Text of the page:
Air pollution hits 'severe' levels in Delhi

Pollution woes Doctors advise Delhiites to stop morning walks

Pollution woes Doctors advise Delhiites to stop morning walks

The whole of North India has been engulfed in a heavy blanket of fog. Since then, the pollution monitors have been recording "very poor" air quality, which is comparatively better than "severe" but alarming according to global standards.

Tuesday is also termed as the worst air pollution day recorded in Delhi for the season so far.

The safe limit for PM2.5 is 60 micrograms per cubic meters according to the national standards, and 25 micrograms per cubic meters as per the worldwide standards. The CPCB has said high moisture level in the air has trapped emission from local sources and hanging low over the city in the absence of wind.

Officials from the regional pollution control board have claimed that stubble burning in states of Haryana and Punjab lead to smoggy weather conditions in the capital region. The MET department has predicted that the situation will remain same for next three days. Under the scheme, odd and even numbered vehicles ply on alternate days.As a thick smog hung over Delhi, leaving people gasping for breath, Sisodia said the Delhi Government had also asked all schools to stop outdoor activities, including morning assemblies. These measures are nearly identical to the ones that the government had announced exactly a year ago on November 7, 2016 - asking people to stay indoors, shut down of the Badarpur thermal power plant for 10 days and ordering the closure of schools in Delhi for 3 days, diesel gen sets banned for five year.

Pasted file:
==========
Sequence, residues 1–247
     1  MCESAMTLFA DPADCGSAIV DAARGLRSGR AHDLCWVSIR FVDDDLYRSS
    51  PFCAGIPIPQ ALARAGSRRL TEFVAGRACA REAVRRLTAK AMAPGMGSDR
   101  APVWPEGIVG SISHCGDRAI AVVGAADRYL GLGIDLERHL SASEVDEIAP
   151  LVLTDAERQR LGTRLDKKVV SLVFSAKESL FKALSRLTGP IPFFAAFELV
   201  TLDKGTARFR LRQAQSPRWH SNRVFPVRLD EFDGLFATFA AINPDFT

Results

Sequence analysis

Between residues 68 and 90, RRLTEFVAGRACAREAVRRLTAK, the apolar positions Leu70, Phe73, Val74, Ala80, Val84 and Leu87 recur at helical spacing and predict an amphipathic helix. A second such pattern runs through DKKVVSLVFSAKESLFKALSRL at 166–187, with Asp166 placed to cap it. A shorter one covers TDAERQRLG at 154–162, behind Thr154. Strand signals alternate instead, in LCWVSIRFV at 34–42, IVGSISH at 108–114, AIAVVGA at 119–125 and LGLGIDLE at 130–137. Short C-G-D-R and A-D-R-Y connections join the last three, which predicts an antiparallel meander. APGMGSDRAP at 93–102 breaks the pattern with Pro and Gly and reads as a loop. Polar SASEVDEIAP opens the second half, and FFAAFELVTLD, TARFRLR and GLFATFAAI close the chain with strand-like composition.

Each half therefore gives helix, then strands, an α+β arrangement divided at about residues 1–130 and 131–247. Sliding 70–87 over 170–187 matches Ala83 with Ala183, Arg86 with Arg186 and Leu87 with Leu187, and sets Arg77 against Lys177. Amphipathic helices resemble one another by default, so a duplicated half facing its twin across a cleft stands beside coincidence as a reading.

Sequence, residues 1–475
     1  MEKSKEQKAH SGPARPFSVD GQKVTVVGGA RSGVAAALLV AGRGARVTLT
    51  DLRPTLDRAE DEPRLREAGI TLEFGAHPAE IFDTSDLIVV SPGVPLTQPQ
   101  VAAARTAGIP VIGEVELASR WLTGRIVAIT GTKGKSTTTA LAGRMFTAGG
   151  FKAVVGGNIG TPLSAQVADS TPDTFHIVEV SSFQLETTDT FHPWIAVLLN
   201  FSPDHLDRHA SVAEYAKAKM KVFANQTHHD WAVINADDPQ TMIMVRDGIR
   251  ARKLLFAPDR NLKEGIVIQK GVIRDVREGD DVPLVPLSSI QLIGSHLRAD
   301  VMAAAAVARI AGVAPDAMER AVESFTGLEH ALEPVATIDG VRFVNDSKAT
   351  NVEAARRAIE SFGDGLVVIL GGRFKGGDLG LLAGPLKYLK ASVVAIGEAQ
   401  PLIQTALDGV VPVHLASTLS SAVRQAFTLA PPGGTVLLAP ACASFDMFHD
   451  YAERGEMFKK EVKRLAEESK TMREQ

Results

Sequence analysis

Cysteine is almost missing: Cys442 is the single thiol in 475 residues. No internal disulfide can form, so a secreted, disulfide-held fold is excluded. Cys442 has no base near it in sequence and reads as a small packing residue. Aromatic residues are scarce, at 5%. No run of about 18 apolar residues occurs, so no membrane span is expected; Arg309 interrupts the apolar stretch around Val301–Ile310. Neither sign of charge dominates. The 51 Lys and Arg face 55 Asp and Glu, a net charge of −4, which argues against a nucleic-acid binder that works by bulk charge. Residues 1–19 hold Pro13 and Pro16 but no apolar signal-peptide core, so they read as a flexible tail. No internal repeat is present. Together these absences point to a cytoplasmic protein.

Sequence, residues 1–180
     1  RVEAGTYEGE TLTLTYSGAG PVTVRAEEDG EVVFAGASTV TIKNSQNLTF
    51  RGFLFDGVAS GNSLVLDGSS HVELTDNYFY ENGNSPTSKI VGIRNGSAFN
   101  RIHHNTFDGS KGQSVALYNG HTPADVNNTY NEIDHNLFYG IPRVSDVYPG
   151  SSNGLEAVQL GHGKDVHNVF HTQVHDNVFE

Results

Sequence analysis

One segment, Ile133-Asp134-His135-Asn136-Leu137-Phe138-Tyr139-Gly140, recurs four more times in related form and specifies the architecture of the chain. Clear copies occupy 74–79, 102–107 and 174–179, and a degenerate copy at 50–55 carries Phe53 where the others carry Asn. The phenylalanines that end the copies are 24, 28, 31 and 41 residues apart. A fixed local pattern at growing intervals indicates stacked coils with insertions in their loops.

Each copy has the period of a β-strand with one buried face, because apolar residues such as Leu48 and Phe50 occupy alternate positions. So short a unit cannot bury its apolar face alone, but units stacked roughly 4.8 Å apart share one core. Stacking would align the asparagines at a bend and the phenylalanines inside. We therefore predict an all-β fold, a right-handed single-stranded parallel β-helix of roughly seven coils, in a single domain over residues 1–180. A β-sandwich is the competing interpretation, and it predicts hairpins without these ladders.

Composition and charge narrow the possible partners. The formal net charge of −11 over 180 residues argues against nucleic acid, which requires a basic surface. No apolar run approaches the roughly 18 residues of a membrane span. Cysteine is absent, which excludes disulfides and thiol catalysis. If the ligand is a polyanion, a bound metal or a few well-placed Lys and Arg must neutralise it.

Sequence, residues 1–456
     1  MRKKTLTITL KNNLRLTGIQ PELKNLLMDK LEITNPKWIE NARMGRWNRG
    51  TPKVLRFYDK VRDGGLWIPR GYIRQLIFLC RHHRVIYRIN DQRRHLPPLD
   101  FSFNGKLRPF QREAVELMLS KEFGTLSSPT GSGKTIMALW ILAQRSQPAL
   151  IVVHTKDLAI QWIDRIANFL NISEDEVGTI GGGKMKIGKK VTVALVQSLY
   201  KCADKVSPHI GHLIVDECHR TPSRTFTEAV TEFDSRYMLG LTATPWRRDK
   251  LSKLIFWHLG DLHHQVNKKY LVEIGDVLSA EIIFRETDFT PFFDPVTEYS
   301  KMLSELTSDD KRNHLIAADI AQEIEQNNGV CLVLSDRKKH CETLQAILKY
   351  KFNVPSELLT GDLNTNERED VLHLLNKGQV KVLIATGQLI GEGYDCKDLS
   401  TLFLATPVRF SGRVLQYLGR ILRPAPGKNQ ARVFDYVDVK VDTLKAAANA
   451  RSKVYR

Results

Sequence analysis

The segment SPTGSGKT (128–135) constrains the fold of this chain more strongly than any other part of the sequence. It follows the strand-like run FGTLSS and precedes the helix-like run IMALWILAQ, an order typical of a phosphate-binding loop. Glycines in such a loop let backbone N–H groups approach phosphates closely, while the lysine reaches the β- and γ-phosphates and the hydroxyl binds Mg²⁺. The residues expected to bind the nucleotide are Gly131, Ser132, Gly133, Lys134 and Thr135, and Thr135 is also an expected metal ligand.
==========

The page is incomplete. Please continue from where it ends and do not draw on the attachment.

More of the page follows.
Analyzing the severity of air quality based on AQI - that combines PM2.5 (major cause of air-pollution in Delhi-NCR) and PM10, and other effluents, Burari Crossing in North Delhi has the cleanest air with a 378 AQI, followed by 361 at Vikas Sadan in Haryana's Gurugram and 350 at Rohtak (Haryana) - all considered "very poor" while all other regions in Delhi-NCR had "severe" AQIs with risky trend in PM2.5 levels. Exactly a year ago to the date, the Delhi government had faced a near identical situation, with yet another episode of Delhi being shrouded in smoke, with an AQI of 500 (the highest it can be) at the Punjabi Bagh, Anand Vihar and Mandir Marg monitoring stations of the Delhi Pollution Control Committee (DPCC).

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